Researchers Crack the Code on Sudden Death Mystery in Amish Community

Michael Ackerman, M.D., Ph.D., and his colleagues at Mayo Clinic used new technology to determine the cause of multiple sudden deaths of children in the Amish community.

In 2004, a seemingly healthy 12-year-old died while running around outside. Months later, the same thing happened to the child's 10-year-old sibling. Within a few years, two more children from the same family — part of an Amish community in the Eastern United States — would meet the same mysterious fate. "Autopsies didn't offer any clues," CNN reports. "The children's hearts appeared normal. The family had what they referred to as 'the curse of sudden death.' And medical examiners couldn't figure out why."

Across the country, Michael Ackerman, M.D., Ph.D., and his colleagues began working to answer that question. Dr. Ackerman, a genetic cardiologist and director of the Windland Smith Rice Sudden Death Genomics Laboratory at Mayo Clinic, had been part of the team that "pioneered the concept of molecular autopsy, using genetic testing to understand the cause of death in sudden unexplained cases," CNN reports. A medical examiner had reached out to Dr. Ackerman to see if his lab could determine what had caused the Amish siblings' deaths. "The team suspected that a gene called RYR2 could be the culprit," according to CNN, because "mutations of the gene can cause a cardiac arrhythmic disorder that can lead to exercise-fainting spells, seizures or even sudden cardiac death. But when they analyzed the gene to check for mutations, nothing turned up."

Meanwhile, more children from Amish families were dying sudden, unexplained deaths — 18 children in all. Doctors and genetic counselors from around the country reached out to Dr. Ackerman with their stories and sent DNA samples to his lab for analysis. Still, he and his colleagues could not crack the case. "We were stuck," Dr. Ackerman tells the Rochester Post-Bulletin.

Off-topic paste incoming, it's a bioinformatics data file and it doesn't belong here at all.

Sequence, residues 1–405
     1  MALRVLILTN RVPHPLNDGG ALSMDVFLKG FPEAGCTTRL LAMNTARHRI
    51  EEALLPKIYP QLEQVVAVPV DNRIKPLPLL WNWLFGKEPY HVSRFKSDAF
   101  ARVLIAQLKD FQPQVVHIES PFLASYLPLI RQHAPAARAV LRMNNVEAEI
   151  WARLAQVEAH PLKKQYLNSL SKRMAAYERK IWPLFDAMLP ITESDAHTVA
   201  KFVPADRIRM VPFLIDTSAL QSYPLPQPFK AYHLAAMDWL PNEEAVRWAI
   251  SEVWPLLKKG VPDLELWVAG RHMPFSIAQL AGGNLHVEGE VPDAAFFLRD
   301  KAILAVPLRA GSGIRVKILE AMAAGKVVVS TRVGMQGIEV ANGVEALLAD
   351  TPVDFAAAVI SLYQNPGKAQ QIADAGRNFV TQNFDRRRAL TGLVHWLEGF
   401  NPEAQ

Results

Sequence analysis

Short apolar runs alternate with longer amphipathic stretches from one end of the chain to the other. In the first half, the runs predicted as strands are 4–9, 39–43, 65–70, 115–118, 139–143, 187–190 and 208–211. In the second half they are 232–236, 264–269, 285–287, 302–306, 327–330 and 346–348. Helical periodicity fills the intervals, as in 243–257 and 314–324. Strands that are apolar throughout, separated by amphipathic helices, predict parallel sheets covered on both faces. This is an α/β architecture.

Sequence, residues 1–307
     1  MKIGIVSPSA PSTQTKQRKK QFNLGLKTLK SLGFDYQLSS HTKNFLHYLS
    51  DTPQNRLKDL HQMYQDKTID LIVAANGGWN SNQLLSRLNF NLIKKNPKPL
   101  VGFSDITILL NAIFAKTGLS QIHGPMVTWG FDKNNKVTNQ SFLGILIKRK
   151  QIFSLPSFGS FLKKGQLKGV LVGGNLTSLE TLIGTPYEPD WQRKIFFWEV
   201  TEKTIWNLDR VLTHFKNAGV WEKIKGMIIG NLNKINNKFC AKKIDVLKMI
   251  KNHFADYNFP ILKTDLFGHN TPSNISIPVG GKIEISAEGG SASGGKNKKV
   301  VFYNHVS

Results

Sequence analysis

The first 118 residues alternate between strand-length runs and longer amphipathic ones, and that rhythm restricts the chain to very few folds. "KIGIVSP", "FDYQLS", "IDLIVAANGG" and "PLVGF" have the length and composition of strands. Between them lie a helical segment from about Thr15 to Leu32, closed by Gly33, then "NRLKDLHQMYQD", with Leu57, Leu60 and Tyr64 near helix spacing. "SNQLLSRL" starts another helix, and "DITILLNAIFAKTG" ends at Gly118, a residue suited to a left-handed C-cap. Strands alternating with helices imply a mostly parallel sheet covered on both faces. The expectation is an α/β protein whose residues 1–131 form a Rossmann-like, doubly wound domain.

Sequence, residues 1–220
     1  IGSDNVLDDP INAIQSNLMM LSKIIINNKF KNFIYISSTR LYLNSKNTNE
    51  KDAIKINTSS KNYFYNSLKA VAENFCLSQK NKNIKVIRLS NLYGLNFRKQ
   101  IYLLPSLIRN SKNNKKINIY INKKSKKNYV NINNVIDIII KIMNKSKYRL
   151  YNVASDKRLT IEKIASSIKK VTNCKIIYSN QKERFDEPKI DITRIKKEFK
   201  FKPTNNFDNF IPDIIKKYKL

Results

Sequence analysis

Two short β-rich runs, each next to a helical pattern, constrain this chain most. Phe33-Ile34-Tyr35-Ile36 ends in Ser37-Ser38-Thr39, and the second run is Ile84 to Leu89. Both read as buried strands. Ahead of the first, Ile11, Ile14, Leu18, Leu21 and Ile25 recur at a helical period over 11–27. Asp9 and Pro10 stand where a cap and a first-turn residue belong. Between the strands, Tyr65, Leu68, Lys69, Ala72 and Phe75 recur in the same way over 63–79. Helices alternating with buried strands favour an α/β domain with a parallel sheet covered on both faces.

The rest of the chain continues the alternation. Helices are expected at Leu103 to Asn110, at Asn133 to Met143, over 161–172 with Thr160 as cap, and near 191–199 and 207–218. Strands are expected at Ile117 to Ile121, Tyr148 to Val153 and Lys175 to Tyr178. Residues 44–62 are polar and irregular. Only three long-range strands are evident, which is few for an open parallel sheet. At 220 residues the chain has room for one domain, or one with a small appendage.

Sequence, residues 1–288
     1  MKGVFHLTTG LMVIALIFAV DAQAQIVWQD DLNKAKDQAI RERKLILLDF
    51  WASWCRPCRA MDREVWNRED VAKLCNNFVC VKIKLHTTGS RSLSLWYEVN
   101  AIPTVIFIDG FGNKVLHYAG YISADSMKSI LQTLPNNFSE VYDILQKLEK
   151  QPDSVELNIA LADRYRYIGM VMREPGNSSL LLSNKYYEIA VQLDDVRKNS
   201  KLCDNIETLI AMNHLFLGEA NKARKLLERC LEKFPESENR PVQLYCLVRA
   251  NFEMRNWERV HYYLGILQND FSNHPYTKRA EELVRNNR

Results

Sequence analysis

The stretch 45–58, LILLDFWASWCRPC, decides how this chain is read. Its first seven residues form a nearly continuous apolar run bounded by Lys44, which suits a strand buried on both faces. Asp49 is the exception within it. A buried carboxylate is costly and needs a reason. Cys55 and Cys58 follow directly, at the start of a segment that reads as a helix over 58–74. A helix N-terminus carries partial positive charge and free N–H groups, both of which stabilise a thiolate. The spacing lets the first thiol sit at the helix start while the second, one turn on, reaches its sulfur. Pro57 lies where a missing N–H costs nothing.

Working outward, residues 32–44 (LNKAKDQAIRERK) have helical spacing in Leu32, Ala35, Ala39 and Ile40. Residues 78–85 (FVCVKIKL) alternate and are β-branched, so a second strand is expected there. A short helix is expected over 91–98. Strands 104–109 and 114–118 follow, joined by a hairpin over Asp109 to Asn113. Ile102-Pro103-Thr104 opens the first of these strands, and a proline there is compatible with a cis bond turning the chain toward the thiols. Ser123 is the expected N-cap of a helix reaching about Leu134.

But they didn't consider that a permanent condition. "We are tenacious, and we never give up," Dr. Ackerman tells the publication. As new technology for gene sequencing developed, the team took another look at the case. "We sort of regrouped and said let's try again with the new technology," he says.

The new view provided an answer. Just as the team had originally suspected, the problem lay in the RYR2 gene. "But there wasn't just one mistake in the gene," CNN reports. "More than 300,000 base pairs in the gene had been duplicated." The condition is a recessive disorder, which means children must "inherit a mutated gene from each parent" to develop it, according to CNN. If both parents are carriers, there's a 25 percent chance they'll pass the disorder on to their children. The Amish community "may be more vulnerable to recessive inherited conditions because they are descended from a small number of ancestors and tend to intermarry," CNN reports. Genetic testing can now identify carriers, and that information can help people "make informed decisions about whether or not they should marry another person who is also a carrier," according to CNN.

For now, the only treatment available to those with the mutation is to have an implantable cardioverter-defibrillator placed in their chest to detect and correct abnormal heart rhythms. But Dr. Ackerman and his colleagues are working to find a medication to treat the condition, which would be less invasive and less expensive than an implanted device. "We're kind of racing against the clock," he tells CNN. "We need to get this figured out as fast as we can."

You can learn more about the discovery in JAMA Cardiology. Then leave a comment below before using the handy social media tools atop this page to share this story with others.